No matter what measure of success your organization has chosen to adopt to tackle the issue of customer loyalty, the key to lifting results will be to look at things from the customer's perspective. How the contact center agent makes customers FEEL during and after an interaction matters. How much effort customers FEEL they must put in to resolve an issue matters. And, of course, whether they FEEL you value them and their time matters.


 
VereQuest Quality Assurance logo

Sharon Oatway is President & Chief Experience Officer of VereQuest. Sharon is a Customer Service, Sales, and Marketing professional with over three decades of hands-on experience elevating the overall customer experience and multi-channel contact center performance. Sharon and her team at VereQuest have listened to/read, and analyzed several million customer interactions for some of North America’s leading brands. As a result, Sharon is a recognized thought leader in what it takes to build and sustain great customer experiences.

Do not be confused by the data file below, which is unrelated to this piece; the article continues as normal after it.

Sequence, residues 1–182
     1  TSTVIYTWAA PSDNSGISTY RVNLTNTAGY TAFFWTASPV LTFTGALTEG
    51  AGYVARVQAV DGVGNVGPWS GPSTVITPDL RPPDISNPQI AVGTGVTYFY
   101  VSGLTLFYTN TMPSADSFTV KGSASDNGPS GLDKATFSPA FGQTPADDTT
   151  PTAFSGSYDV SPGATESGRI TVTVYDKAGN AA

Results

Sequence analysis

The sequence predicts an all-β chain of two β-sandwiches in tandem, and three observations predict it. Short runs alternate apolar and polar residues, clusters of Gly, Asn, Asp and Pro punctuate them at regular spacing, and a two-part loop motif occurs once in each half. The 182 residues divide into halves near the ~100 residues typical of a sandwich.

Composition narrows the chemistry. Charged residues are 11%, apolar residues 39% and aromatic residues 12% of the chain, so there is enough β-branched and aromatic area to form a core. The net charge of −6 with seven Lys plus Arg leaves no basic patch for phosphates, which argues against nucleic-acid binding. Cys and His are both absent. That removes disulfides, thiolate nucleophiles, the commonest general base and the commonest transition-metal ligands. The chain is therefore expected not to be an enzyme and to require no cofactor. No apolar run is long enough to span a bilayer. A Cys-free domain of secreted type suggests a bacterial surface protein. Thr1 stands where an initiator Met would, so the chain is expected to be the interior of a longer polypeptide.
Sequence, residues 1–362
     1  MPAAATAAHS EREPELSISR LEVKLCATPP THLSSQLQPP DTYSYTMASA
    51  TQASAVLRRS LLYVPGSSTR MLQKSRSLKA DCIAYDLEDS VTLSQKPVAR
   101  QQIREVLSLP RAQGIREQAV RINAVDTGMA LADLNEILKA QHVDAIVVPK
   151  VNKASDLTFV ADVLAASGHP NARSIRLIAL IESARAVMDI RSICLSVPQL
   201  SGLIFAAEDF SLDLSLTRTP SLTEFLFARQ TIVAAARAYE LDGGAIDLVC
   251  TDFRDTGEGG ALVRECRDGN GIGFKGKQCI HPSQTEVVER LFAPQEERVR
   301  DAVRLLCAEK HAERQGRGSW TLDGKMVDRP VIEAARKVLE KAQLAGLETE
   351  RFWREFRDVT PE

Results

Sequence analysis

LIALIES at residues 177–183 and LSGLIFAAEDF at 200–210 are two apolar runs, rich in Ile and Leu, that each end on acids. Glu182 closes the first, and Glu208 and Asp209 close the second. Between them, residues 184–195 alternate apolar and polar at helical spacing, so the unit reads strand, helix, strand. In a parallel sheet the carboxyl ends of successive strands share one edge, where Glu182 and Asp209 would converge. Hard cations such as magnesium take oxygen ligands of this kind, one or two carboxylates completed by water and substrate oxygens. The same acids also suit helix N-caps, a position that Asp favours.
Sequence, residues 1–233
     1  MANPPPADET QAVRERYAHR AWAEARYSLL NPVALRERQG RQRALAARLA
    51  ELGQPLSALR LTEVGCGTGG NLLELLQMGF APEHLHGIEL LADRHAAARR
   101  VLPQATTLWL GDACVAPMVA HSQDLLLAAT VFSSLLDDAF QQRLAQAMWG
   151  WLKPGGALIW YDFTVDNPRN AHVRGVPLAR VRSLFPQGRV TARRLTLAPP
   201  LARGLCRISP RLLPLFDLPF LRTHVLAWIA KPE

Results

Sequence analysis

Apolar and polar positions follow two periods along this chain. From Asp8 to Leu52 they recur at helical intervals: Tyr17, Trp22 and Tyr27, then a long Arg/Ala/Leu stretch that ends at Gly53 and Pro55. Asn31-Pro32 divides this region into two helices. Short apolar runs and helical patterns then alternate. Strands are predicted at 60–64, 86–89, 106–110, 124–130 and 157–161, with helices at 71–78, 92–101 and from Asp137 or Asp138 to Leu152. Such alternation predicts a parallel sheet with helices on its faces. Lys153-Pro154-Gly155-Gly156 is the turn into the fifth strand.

Established in 2002, VereQuest provides organizations with a wide range of customer experience services, including a robust contact center quality monitoring offering. Working with businesses throughout North America, VereQuest provides a unique perspective on a complex, ever-changing customer environment.


Get in touch at info@verequest.com


First posted in 2018; updated in 2023